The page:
4. Academies stress soccer to these kids, no other sports allowed. They need to focus on the one that matters most.

    5. Kids get to be about 11 or 12 and either have a repetitive strain injury or don’t perform as well as they did when they were 8 or maybe less motivated. Answer—trade or sell them to another academy–maybe a clearinghouse academy for kids on the way down. Or give them bus money and kick them to the curb.
    REMEMBER–they are commodities—anyone who disagrees–that is just your lowly opinion.

    6. Make sure the kids know there is no college in their future—they either make pro when they are 17 or they have to keep trying at a very low level or maybe you can sell them off to a D5 in Europe. And if you are still playing there at age 24, well you blew it–get out. Doesn’t matter you don’t have anything else to do–you are no longer part of the Vision and Plan who really cares about you now, right?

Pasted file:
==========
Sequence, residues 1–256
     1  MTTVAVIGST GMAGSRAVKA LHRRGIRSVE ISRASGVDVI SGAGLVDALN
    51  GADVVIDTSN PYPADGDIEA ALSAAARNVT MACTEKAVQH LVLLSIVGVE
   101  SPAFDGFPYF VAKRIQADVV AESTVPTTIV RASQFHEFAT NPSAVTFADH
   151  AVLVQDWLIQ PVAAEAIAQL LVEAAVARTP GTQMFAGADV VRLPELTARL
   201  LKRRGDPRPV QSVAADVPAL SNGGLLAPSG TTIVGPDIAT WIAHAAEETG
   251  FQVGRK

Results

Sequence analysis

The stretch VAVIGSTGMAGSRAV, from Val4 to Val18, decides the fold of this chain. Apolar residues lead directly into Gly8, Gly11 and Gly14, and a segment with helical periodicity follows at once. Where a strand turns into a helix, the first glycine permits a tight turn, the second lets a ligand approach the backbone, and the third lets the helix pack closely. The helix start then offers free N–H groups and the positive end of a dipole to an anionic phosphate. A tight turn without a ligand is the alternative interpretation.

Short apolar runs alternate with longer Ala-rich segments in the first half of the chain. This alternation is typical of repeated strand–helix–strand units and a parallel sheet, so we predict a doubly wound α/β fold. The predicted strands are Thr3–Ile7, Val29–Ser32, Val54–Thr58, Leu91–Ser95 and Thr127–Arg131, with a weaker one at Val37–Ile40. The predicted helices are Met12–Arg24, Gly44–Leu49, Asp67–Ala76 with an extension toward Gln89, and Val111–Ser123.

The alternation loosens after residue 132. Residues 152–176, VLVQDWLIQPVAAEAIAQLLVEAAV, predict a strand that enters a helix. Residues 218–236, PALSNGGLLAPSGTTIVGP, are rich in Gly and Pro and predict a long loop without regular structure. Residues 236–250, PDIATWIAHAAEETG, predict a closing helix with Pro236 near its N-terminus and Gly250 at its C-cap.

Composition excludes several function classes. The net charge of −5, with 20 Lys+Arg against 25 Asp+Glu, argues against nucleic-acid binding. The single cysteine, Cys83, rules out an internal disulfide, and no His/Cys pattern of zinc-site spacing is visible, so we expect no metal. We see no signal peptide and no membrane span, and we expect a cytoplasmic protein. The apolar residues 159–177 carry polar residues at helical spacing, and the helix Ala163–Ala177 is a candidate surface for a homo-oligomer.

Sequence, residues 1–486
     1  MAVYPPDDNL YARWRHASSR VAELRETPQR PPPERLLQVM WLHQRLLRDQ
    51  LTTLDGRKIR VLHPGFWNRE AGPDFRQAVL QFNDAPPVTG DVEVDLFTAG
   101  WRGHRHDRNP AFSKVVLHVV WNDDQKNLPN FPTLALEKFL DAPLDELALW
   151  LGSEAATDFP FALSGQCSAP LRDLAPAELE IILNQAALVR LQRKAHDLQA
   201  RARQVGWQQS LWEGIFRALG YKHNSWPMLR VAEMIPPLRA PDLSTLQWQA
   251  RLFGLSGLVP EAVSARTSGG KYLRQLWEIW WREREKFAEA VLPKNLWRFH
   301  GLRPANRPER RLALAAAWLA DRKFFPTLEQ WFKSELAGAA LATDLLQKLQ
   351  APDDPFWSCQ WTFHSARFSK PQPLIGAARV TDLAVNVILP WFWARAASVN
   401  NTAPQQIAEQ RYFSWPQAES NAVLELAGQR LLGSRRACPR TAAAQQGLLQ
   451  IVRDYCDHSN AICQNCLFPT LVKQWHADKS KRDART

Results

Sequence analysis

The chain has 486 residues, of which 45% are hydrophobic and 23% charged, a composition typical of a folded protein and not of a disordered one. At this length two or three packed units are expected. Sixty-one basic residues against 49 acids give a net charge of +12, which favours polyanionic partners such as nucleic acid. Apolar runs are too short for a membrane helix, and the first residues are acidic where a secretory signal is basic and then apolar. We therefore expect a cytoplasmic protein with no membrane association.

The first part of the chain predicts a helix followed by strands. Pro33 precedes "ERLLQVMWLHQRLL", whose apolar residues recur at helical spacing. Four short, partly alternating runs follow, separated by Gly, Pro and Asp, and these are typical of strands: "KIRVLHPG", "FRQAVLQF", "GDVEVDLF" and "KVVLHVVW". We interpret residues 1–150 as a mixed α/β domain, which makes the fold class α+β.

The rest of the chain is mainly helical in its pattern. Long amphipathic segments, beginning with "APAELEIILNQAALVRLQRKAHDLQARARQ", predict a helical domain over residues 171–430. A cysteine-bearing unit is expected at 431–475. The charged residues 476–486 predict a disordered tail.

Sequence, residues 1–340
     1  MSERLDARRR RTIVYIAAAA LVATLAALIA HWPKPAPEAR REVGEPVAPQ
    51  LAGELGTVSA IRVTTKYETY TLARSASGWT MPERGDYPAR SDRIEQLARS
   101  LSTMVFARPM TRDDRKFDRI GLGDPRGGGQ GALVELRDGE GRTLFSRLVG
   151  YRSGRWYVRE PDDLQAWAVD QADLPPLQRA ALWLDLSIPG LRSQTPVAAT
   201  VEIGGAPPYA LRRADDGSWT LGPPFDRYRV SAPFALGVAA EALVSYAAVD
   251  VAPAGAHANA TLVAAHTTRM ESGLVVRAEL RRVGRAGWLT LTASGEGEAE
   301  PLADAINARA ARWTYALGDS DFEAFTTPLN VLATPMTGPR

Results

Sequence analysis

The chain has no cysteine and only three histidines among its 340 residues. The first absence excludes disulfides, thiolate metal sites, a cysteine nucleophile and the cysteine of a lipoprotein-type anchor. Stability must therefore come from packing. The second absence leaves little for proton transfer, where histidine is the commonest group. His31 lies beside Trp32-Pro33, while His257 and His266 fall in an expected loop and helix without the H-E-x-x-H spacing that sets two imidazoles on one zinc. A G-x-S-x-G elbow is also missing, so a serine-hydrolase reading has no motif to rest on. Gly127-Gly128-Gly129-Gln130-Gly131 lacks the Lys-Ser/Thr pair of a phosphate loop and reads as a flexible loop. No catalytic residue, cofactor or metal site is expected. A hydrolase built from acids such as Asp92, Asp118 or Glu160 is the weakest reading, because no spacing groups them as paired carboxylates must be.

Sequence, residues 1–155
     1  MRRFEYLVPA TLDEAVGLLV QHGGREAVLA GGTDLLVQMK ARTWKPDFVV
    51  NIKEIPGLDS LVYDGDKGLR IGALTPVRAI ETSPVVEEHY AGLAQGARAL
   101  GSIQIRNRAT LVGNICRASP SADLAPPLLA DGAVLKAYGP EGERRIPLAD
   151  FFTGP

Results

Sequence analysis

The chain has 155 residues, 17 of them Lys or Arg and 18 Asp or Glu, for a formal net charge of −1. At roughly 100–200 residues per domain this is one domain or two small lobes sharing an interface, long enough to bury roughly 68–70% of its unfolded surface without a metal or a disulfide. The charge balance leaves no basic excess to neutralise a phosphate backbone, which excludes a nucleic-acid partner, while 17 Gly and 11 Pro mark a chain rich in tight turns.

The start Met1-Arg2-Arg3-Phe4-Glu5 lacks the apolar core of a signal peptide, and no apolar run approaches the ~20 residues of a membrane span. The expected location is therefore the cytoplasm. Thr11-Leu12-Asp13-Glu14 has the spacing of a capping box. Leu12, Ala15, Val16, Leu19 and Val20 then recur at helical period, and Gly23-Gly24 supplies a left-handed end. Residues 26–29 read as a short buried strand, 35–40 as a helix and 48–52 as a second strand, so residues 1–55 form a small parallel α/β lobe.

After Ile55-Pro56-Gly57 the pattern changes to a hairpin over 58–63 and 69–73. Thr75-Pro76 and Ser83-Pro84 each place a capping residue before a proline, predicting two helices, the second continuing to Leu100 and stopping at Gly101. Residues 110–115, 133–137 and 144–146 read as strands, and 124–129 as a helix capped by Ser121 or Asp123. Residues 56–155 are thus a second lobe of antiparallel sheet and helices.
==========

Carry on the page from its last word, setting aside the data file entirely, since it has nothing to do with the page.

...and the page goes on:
7. So El Pachy, how many on roster of a USMNT world cup team? Figure you need good number of academy kids to come up with a Barcelona like team–10,000? 30,000?

    US Win World Cup in 2034. WooHoo!

    Bottom line–tell me if I missed anything in this great new VPP from you Master Pachy.

    No, I don’t have personal beef with El Pachy–I find most of his posts enlightening but when he comes up with quote like the one that started this whole post–I gotta call him on it.
    Most people don’t speak out and as we may learn over next 8 years they might be sorry they didn’t.